Standing up . . . and Making a Difference

stand 2

It’s True. We are more important than we know. And between us, I think we can really make a difference in the world today.

I am asking my readers to join me in a fight for the soul of the World. For our freedoms, and indeed for our very lives.

There are risks, and there are dangers in standing up and being counted.

There are more in doing–or saying–nothing at all.

I would like to start this rant off right at the outset by saying that there are all kinds of things on the Internet and all sorts of so-called “Entertainment” that I absolutely abhor. One of the rules here at Apropos of Nothing, is that we don’t call people names, don’t diminish religions or groups, don’t tear them down and don’t engage in crude and rude behavior or language.

We want this to be an all-inclusive website and blog, and welcome Muslims, Christians, Jews, Hindus, Buddhists, Non-believers , and any or all others of whatever stripe or religious or political affiliation.

After the tragic terror attack this week on the offices and staff of Charlie Hebdo in Paris, I took the time to check out the contents of this weekly satirical magazine.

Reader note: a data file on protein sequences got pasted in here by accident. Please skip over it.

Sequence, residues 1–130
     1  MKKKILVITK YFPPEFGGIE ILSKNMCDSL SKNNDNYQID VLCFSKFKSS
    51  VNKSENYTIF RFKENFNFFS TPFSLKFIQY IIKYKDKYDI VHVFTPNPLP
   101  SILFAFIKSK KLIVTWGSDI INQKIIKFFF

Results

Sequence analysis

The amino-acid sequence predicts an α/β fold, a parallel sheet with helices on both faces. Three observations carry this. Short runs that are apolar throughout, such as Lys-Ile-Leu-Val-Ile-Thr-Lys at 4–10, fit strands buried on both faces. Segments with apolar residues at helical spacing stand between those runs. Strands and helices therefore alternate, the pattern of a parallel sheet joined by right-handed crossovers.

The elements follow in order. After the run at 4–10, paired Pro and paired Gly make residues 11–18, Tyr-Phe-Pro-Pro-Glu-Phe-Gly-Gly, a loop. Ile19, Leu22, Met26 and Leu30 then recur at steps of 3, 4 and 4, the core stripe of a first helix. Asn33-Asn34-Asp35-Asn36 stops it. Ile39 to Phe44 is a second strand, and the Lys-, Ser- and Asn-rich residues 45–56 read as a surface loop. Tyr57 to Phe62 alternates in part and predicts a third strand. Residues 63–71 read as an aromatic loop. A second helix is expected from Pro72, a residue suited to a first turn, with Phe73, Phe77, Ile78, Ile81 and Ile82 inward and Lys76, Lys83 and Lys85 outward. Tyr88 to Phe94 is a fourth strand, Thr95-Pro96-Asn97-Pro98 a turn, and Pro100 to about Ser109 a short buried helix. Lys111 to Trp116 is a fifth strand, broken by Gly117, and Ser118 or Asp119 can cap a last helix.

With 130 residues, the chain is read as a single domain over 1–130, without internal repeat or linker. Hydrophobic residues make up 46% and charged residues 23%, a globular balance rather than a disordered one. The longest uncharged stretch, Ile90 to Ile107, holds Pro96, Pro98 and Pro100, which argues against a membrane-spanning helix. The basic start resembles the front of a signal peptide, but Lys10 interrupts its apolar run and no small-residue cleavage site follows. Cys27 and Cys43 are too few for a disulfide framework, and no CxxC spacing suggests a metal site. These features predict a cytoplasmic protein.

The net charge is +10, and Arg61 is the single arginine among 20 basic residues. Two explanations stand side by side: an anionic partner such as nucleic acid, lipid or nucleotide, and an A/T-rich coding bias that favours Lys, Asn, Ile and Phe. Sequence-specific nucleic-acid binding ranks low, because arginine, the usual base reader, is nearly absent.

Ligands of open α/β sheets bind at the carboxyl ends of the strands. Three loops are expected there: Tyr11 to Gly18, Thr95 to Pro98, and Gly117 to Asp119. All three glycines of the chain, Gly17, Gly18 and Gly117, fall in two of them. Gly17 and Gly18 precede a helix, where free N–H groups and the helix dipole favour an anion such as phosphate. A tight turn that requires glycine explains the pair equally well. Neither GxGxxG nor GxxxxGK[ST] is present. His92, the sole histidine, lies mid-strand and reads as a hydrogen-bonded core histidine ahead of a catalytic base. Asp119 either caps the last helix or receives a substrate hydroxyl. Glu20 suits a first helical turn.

Frankly speaking–I was appalled by what I found. I want to be right up-front here and state for the record that I don’t and never have, enjoyed Mad Magazine either. And it’s pretty mild by comparison.

If you happen to have a strong stomach and are a brute for punishment, I suggest you take a look yourselves. Photos of most of the most offensive stuff that has appeared on Charlie will be found on Google Images.

It’s not my cup of tea, thank you very much, but that said–it is for many, many folks. It is my understanding that the French really enjoy that sort of humor a lot, and elevate crude satire to the same level as some of the more internationally accepted literary works.

Fine for them.

And fine for the people–the writer and cartoonists that create them. After all, if you find something offensive, all you have to do is not look at it. Don’t turn on the TV, don’t go to that movie, don’t read that particular book, and so on.

There really isn’t any need to kill the people that created it. Hard for me to believe that any God would condone such behavior.


stand 1


At any rate, it happens all the time, and it’s happened again, just this week, in a particularly bloody and gruesome fashion.

It is my contention that the free people of the world need to unite as one, and condemn those who would destroy our freedom to read, watch and whatever–we  choose.

In other words–give the madmen a lot of targets to shoot at.

If we do not use that voice, we will surely lose it. Beheaded people make no statements, political or otherwise.

I would ask all of the readers of Apropos of Nothing to join together in solidarity for the people of France–and for the peoples and citizens of The Free World.

Please, keep them–and us in your thoughts and prayers this day. And ask God to help us find our way through this darkening gloom that is the twenty-first century so far. I am afraid for our future.

May there be better days ahead.

Please leave comments either below or on the Comments page.

Thanks for reading.

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Unsolved Mysteries . . . The 1975 Disappearance of Jimmy Hoffa